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A less obvious competitor

Who is it?  The utilities of course.  Well not exactly the utilities, 
but the big generators.

  • Hoover Dam
  • Tennessee Valley Authority
  • Millstone Nuclear
  • Xcel Energy NRG
  • Florida Power & Light
  • the list goes on...

Yes, we have to consider them the competition.  But that doesn't mean we're casting Solar & Thermal as David to their Goliath.  No, they call the tune, we're just coming to the party to enjoy the festivities, and the hors d'oeuvres table.

Let's face it, these behemoths burn tons of fuel every second, every minute, every hour, every day.  They've had decades to fine tune their operations to squeeze every penny out of a BTU, but, as the resources they consume become scarce, they are forced to pay more, and pass that cost along to their customers; you and me.

So why are they competition?  Because their external costs have risen so much over the years, that the unit cost of their product is getting closer to the unit cost of our product.

In 2001, the spot price of a MWHr was about $50.  The peak demand price on contracts was occasionally as high as $100-$150, but we'll stick with $50.  That equated to $0.05 per kWHr for generation to most consumers of electricity.  When you added the distribution charges the price tag was about $0.10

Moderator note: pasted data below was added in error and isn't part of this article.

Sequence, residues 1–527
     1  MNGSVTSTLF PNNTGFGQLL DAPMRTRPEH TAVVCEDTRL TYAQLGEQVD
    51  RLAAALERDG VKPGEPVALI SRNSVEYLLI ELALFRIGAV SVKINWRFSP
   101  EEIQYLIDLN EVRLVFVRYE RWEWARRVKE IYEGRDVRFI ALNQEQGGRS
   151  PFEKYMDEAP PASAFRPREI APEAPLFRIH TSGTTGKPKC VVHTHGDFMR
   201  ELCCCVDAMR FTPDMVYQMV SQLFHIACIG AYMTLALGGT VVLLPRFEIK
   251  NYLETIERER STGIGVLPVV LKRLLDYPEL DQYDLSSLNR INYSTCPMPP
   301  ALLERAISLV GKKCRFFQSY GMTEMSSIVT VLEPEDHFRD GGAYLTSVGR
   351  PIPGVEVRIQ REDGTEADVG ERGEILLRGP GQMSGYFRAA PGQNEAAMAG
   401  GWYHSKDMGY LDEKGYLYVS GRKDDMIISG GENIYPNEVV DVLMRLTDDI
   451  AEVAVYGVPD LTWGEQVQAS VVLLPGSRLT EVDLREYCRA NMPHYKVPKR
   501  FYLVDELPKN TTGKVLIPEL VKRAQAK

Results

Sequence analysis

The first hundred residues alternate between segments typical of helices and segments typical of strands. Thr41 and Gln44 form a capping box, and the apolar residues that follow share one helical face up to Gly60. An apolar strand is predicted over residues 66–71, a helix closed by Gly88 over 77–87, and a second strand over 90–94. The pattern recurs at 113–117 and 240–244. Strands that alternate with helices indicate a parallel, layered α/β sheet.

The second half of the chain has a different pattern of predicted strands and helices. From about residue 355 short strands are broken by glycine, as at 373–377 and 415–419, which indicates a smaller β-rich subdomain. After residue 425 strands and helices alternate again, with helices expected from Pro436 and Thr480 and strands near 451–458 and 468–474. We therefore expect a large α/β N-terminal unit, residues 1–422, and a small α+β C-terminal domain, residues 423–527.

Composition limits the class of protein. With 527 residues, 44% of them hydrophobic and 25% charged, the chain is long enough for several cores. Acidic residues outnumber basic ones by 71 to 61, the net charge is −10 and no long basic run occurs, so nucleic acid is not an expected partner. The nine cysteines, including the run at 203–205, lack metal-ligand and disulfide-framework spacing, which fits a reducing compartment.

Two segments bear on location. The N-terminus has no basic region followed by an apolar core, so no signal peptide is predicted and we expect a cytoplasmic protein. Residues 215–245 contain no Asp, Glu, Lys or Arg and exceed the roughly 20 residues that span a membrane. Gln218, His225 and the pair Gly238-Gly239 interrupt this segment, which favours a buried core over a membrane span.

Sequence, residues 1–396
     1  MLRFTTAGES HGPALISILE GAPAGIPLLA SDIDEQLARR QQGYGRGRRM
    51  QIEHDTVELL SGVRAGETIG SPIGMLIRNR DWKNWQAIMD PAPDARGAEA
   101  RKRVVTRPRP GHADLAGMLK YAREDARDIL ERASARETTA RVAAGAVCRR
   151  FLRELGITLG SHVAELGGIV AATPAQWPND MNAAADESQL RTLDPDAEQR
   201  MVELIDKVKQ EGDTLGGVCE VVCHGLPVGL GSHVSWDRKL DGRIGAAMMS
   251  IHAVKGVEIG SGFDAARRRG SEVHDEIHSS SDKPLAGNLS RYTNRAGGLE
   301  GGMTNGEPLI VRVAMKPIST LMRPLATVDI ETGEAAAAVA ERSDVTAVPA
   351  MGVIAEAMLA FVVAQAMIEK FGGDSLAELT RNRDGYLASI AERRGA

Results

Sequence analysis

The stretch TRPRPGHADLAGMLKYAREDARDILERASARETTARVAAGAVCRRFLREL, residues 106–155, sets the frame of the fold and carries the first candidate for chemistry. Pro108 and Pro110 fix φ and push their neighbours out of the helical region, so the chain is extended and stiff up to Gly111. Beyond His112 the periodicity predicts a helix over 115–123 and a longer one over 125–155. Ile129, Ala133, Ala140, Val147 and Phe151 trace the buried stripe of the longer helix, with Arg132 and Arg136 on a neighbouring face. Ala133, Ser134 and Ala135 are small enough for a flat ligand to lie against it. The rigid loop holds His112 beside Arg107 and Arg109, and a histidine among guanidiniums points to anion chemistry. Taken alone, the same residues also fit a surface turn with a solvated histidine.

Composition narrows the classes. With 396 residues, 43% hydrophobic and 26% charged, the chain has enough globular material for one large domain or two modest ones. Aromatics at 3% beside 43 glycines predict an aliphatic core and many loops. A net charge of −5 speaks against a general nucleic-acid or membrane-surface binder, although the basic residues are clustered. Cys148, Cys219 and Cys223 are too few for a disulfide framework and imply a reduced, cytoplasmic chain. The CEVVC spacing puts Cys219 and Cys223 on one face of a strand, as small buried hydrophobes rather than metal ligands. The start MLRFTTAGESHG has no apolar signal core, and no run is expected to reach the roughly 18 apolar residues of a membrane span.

Today in 2006 the spot price of a MWHr is above $70 (curiously and coincidently close to the price of a barrel of oil).  Tack on distribution, and other FERC charges for conservation, tax etc, and my bill is $0.162 per kWHr

Here's where it gets really interesting.  The basic STS system costs $2.00/Watt, and over the first 20 years of it's lifetime, produces some quantity of electricity ( say 23.25 kWHr/Watt ).  That lets us immediately compute the cost of the electricity that the system will produce for the next 20 years.  It comes out to $0.086 per kWHr or $86/MWHr in utility terms.

Yes, because of the increased cost of fuel over the past 5 years, the price of regular electricity has risen halfway to the cost of solar electricity.  And let's not forget that the cost of that solar electricity is fixed for the next 20 years.

Unfortunately, there is just no possible way that we can produce the volume of energy that the gorillas produce in the immediate future; we can reasonably conclude that we can find customers for all of our production for the foreseeable future.  If you came across a gas station that was still selling gas for $1.50 a gallon, wouldn't you fill up there?




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Updated: 09/11/10 21:05